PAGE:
Skip to content

Advertisement

Arts » Theater

Inert acting, occasional singing dissolves A New Nation

Though the actors and director are clearly committed to their project, A New Nation is thrown together and amateurish.

Photo: Courtesy/The Chicago Maroon
A rare colored daguerreotype, circa 1863, of our Union�s defenders. I can almost hear Ken Burns salivating. Courtesy of Prop Theater

A New Nation can’t really be called a play. Billed as an unorthodox but perhaps more accurate perspective on the Civil War, the hour-long piece is a collection of seemingly randomly selected letters read aloud. Unfortunately, the show is thrown-together and amateurish.

The letters aren’t exactly revelatory, nor are they cohesive enough to make any outstanding point. The production’s four actors each stand in the spotlight one at a time to read a historical document ranging from the Emancipation Proclamation to a letter from a Union soldier. They then sit back down without pronounced emotion or movement. No speech builds on the last and there is no discernible plot. Most bewildering of all, every so often the actors sing.

But it feels unsportsmanlike to critique the play, like writing a scathing review of your high school’s production of Fiddler on the Roof. Everyone involved enjoyed themselves, so what does it matter that Tevye’s beard kept falling off? The compiler and director of the play, Jessica Wright (a recent University of Chicago grad), shows a genuine love for the material, if not a trained director’s eye.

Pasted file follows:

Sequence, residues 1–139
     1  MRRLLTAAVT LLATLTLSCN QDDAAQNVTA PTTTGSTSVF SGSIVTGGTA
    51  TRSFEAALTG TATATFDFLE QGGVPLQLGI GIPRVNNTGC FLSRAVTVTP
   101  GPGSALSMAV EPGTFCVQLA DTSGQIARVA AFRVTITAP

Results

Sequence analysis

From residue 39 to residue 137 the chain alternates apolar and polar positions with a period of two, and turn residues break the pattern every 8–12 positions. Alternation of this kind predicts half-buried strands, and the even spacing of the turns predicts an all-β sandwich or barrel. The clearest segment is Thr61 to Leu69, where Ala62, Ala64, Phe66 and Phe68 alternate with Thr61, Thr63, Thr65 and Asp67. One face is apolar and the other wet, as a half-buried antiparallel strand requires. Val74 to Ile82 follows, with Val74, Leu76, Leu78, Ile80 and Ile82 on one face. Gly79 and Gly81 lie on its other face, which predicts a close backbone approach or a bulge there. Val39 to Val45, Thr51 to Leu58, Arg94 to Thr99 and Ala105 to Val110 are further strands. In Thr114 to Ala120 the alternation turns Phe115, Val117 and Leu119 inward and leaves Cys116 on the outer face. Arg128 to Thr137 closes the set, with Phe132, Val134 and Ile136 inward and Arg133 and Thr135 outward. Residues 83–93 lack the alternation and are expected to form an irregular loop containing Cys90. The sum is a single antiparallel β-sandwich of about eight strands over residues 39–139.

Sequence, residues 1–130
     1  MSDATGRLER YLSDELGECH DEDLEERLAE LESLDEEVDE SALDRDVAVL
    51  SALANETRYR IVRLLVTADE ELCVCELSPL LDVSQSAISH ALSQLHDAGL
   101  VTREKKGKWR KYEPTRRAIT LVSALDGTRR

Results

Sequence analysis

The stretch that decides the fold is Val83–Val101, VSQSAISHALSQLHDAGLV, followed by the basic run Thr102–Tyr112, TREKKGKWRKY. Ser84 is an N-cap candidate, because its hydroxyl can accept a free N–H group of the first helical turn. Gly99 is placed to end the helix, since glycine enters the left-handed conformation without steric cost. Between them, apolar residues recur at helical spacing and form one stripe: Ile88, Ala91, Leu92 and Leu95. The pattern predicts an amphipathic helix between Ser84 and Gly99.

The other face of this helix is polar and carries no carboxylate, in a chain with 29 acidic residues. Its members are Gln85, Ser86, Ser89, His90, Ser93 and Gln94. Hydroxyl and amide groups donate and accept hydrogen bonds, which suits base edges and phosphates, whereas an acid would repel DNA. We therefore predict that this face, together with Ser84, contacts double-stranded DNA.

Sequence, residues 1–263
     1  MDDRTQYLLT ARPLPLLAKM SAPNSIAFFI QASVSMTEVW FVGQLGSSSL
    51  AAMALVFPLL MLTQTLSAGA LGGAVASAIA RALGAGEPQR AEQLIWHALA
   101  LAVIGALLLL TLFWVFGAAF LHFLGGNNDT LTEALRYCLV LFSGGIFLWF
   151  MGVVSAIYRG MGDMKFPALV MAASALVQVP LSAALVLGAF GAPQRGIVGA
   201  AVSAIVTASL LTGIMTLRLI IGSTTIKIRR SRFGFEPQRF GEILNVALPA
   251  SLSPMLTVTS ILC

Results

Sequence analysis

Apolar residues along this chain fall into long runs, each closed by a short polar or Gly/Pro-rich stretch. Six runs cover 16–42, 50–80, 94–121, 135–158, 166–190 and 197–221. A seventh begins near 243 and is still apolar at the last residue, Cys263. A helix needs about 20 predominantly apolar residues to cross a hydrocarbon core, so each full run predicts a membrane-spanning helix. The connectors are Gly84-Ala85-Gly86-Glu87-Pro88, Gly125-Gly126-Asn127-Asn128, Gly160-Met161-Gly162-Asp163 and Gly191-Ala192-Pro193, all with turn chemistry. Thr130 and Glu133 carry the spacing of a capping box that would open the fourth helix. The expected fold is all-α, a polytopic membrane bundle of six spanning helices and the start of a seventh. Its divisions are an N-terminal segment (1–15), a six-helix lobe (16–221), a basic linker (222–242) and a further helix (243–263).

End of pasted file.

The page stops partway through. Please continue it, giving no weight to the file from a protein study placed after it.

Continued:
However, some minor details made the show difficult to take seriously. Jackson Challinor recited a Union soldier’s letter in a voice too low, fast, and slurred to be heard, and the fact that actors brought sheets of paper with them on stage made it appear that they didn’t know their lines. Abraham Lincoln himself, played by Varrick Douglas, Jr., was stately and captivating at moments—the Gettysburg Address is still a remarkable document and he handled the speech well.

The Prop Theater is a venue for experimental productions without big names or big money. Not every theater experiment works, but the opportunity to try new things is vital. Even so, don’t bother making the trek uptown for this one—you can recreate the experience of A New Nation with some friends, a fake beard, and the a copy of the Emancipation Proclamation printed off the Internet.

Leave a Reply

Your email address will not be published. Required fields are marked *

By submitting a comment, you agree to the terms of service of The Chicago Maroon.